God is doing the same thing in the world. The Author of Faith isn't a commercial baron collecting as many saints as he can with the least effort possible. No, God is a story-teller who glorifies his Son's death and resurrection by calling his children to lay down their lives in the pursuit of others. Such counter-cultural gospel strategy displays the primacy of God’s kingdom and hence amplifies the glory of God on earth.
The Glory of God in Missions
John Piper famously said:
Missions is not the ultimate goal of the church. Worship is. Missions exists because worship doesn’t. Worship is ultimate, not missions, because God is ultimate, not man. When this age is over, and the countless millions of the redeemed fall on their faces before the throne of God, missions will be no more. It is a temporary necessity. But worship abides forever. So worship is the fuel and goal of missions. (Let the Nations be Glad, 15).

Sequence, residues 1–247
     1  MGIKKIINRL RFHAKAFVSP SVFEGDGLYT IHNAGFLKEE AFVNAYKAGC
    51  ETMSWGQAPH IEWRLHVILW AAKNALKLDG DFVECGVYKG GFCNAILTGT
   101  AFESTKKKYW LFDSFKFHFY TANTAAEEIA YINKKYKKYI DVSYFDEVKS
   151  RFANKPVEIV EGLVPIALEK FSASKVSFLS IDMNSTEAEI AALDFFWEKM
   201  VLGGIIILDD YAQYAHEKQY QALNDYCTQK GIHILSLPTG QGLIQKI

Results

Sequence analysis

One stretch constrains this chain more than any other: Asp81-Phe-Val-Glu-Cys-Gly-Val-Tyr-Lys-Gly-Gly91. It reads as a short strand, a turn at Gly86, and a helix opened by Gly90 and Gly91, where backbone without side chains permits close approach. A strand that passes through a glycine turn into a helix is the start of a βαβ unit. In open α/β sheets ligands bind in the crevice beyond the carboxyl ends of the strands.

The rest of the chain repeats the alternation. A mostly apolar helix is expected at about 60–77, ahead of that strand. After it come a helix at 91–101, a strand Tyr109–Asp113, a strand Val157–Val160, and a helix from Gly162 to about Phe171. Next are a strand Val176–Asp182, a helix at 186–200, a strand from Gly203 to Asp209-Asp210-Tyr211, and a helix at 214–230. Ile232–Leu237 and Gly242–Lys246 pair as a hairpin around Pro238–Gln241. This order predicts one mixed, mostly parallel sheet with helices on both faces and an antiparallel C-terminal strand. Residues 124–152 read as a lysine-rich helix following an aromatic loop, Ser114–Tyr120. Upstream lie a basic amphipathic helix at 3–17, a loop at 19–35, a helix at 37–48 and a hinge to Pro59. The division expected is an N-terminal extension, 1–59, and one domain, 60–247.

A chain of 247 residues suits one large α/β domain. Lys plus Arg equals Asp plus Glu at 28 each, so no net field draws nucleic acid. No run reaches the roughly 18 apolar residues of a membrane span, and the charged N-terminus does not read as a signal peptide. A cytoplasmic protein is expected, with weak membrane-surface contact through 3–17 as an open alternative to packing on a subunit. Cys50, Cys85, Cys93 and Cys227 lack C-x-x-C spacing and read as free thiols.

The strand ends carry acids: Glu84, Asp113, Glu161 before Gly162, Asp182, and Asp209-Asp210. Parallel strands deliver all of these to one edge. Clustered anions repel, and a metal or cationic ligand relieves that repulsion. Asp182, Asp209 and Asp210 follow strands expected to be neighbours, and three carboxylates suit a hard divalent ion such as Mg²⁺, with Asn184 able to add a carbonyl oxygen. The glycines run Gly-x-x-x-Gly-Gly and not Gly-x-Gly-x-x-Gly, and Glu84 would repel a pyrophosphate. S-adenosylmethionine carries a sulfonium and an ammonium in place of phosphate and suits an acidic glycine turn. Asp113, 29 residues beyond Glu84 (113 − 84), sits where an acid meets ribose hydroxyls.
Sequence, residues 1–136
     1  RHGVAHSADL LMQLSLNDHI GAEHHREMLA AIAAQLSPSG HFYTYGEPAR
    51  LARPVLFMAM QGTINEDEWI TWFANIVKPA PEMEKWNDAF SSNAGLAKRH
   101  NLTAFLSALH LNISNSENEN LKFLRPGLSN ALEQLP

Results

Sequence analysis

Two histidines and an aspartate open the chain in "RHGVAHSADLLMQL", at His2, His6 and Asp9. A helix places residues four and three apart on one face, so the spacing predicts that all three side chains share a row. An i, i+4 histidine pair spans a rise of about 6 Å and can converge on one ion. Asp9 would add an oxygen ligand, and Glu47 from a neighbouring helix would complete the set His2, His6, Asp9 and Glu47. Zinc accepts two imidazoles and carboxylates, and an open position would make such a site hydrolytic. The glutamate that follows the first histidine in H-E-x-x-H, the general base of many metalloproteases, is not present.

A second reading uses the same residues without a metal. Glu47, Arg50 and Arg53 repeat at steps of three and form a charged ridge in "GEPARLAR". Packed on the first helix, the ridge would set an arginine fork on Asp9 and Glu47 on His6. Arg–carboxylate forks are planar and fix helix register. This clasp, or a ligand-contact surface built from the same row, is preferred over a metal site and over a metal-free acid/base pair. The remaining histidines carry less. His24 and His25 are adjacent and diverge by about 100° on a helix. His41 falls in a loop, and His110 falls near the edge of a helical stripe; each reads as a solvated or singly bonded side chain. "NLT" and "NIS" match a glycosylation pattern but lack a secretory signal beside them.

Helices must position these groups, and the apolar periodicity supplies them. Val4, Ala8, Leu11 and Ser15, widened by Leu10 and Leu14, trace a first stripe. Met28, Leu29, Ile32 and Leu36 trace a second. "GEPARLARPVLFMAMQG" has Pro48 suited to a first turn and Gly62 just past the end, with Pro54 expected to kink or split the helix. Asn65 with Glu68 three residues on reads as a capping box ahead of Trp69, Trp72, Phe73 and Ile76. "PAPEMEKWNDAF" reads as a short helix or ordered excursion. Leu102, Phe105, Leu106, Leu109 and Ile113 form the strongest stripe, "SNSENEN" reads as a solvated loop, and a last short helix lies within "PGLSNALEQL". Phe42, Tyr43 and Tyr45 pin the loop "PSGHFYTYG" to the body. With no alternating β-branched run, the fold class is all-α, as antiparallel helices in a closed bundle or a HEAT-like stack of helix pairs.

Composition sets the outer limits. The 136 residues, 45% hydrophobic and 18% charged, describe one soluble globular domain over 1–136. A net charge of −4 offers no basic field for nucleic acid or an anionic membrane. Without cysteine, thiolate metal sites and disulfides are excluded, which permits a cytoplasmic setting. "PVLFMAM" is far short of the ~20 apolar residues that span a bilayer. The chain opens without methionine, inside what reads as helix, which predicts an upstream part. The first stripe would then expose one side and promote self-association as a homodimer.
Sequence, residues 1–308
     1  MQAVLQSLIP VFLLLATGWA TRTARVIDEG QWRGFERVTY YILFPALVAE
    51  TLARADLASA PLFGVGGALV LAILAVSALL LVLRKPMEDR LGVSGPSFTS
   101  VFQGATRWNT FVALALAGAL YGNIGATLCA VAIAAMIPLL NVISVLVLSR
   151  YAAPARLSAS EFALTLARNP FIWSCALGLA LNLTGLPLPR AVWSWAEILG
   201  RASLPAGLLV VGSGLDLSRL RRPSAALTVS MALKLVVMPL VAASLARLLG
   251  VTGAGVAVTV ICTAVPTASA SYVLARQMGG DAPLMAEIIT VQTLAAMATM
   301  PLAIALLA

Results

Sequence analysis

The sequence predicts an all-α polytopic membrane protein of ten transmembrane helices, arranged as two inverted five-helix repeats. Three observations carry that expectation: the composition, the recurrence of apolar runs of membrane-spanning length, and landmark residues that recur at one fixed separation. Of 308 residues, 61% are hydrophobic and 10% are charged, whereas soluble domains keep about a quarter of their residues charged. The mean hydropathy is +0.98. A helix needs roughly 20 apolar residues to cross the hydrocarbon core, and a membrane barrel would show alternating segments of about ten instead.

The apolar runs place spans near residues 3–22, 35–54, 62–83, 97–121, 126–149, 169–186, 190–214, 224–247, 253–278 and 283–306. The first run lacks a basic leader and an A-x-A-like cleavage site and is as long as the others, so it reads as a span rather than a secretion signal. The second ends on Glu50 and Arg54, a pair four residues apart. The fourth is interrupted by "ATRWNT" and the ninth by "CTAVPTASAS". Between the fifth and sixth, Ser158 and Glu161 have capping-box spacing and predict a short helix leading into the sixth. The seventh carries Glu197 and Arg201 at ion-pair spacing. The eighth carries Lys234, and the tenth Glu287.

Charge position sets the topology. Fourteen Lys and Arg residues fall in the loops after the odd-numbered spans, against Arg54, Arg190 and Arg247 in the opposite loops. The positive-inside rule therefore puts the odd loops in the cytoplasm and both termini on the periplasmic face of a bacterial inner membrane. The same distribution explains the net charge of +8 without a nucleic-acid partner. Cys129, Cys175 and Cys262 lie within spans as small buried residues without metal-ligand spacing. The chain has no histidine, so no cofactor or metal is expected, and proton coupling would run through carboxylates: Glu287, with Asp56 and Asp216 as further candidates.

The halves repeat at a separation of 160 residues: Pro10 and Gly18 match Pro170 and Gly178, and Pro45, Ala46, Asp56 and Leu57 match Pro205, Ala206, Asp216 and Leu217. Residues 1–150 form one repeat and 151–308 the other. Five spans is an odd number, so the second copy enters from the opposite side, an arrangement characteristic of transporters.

Those who care most deeply about the glory of God will be equally passionate about global, cross-cultural missions. By no means does this imply that we neglect neighbor-love and local evangelism. It does mean that such gospel labors are insufficient to bring all the glory that God deserves.
In our pragmatic culture, it’s easy to believe all that matters is the number of converts won to Christ. But that only gets half of the story. God is calling his sheep from every corner of the earth and he is looking for shepherds and sheep-herders who will leave the 99 to find the 1.
May God be pleased to raise up a generation of saints and an army of churches who are not only reaching their communities, but who are also making strategic plans to reach the nations for the sake of his name and the international praise of his glorious grace.
Soli Deo Gloria, ds
[A longer version of this post, with further biblical support, can be found at Pastor David’s blog: “For His Name’s Sake: Why the Church Must Do More Than Local Evangelism”].